Manufacturer: Hilason (View all products by Hilason Saddlery)
Model: Black Trail / Endurance Saddle Model #122 (View all Black Trail / Endurance Saddle Model #122 reviews)
Category: Trail Saddles
Purchase: I bought the saddle directly from Hilason through their website and received it, along with a free saddle pad, about a week later. I paid $449 for the saddle with fenders and stirrups.
Likes: I read other negative reviews of Hilason saddles and was expecting sub-par quality and craftsmanship. But I was actually pleasantly surprised. The saddle is well-made and looks more expensive than it is. This saddle does require a dressage girth and not a regular English girth; I think that might've thrown other reviewers off. Flocking on the underside creates ample spine and wither clearance. The seat is comfortable and secure, and the saddle did not roll or slip during mounting, dismounting, or riding up and down steep hills. It remained balanced with evenly distributed weight on my mare's back.
Dislikes: The fiberglass pommel insert is a bit too narrow for broad-backed, mutton-withered horses like my mare. This problem was easily solved by removing the fiberglass (the pommel pocket is zippered for easy access) and replacing it with a soft stuffing material just to hold the pommel's shape--I used an old polo wrap folded over a few times. This did not adversely affect the stability of the saddle. I wasn't crazy about the stirrups that came with the saddle, but they were easily replaced with my EZ Ride stirrups for greater comfort.
Quality: This is actually a very well-made saddle and should stand up to plenty of miles on the trail. The leather is high-quality and is soft and supple; even the fenders did not require any breaking-in. The billets are leather but have a nylon core for extra security and to prevent stretching. The suede seat has the right amount of padding and is comfortable without being too squishy. Some of the outer seams do not have the fancy "finished" look of more expensive saddlery, but they are secure. I imagine the look of the seams could be addressed by a saddler for a relatively low cost if it bothered someone. Extra D-rings along the cantle are a big plus, and have stood up to my overstuffed cantle bags without a problem.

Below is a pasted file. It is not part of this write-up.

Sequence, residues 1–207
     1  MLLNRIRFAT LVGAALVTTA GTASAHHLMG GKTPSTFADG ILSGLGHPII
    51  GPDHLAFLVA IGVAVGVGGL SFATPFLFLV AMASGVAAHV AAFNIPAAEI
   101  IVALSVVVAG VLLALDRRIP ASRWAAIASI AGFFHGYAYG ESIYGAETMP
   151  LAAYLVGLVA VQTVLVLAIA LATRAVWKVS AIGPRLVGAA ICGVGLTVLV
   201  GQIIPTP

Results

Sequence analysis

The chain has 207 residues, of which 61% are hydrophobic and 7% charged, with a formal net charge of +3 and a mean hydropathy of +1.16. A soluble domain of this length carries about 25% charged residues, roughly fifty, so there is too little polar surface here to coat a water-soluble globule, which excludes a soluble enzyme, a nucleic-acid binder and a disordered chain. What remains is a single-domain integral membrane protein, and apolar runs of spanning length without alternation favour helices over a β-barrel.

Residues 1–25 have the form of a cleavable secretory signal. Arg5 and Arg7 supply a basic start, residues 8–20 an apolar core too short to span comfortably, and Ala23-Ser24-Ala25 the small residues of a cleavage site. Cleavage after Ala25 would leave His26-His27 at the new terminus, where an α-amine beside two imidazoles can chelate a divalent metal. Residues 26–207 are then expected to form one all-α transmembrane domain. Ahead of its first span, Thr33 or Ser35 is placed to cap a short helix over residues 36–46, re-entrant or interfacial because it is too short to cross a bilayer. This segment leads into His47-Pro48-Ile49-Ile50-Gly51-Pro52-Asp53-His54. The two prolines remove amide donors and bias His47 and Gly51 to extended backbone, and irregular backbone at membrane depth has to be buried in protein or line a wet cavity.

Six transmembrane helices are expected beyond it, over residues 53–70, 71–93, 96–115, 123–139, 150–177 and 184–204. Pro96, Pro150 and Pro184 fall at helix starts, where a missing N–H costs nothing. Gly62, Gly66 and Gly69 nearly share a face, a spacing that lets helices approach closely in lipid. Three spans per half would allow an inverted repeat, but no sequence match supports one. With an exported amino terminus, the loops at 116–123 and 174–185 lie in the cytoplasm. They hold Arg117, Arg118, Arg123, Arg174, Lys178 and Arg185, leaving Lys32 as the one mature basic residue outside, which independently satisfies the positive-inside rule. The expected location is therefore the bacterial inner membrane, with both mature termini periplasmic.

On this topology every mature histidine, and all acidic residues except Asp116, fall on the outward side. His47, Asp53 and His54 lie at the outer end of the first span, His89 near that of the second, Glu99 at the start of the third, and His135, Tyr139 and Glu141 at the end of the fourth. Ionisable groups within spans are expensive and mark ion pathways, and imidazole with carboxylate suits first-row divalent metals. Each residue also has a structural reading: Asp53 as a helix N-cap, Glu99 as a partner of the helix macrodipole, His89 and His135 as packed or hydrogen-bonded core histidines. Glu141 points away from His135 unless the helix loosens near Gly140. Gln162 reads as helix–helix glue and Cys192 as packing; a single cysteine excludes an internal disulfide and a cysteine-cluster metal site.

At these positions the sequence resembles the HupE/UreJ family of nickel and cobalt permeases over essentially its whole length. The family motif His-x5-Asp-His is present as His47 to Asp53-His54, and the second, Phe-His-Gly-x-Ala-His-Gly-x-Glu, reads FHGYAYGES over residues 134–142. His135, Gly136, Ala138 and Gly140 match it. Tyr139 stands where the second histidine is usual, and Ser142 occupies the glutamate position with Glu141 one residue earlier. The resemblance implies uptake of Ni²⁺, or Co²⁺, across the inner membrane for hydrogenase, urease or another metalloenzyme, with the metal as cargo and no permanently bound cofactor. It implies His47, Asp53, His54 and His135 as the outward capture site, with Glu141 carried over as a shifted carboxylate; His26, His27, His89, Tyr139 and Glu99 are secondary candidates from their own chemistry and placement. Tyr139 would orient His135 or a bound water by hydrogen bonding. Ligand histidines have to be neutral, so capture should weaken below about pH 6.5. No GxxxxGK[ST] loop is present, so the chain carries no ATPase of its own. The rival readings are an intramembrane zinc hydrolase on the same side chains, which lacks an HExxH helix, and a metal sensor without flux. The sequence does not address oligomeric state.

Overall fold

Summary: I think this is the perfect saddle for the recreational or semi-long-distance trail rider. The construction is sound, the appearance is nice, and the comfort level for both horse and rider is high. For broad-backed, round horses like my Arab, this saddle is a lifesaver. I am not entirely sure it would work well on very high-withered, narrow horses, but I haven't ever tried it on one. The seat size has been an issue for some people; I think this is because the Hilason saddles run a size small. So if you ride in a 15" Western saddle, you'd need a 16" Hilason, or a 17" if you like more room in the seat. I normally use a 15" Western or 17" English seat; in the 16" Hilason I'm secure but not wedged between the pommel and cantle.
Usefulness Rating: 2 out of 5.
4 reader(s) voted.
Pam's Place Tack Genado Gaited Trail Saddles
Circle y Alpine Trail Saddles
JC Martin Saddles Trail saddle Trail Saddles
Steele Saddle Mountaineer saddle Trail Saddles
TN Saddlery Sharptail Gaited Wsetern Saddle Trail Saddles
Dixieland Gaited Saddles Western Trail saddle, gaited tree Trail Saddles
Steve Edwards The Cowboy Trail Saddles
Dixieland Saddle Co. Tree style D +3/4 butterfly skirt light rider Trail Saddles
Bob Marshall Endurance Treeless Trail Saddles
Crestridge Wade Extra Wide Trail Saddles
Kimberley Kimberley Outback Australian Saddle Trail Saddles
Black Forest Saddles Rosewood treeless Trail Saddles
Crates #238-4 Trail Trail Saddles
Meleta Brown Freedom Saddle by Crates Crates Trail Meleta Brown Trail Saddles
Circle Y Kentucky Trail Gaiter Trail Saddles
Martin Saddlery Clinton Anderson Saddle Trail Saddles
J. Stead Wade Saddle Trail Saddles
Down Under Saddlery Kimberly Trail Master Trail Saddles
Tucker Tucker equitation endurance Trail Saddles
Tucker Endurance generation II Trail Saddles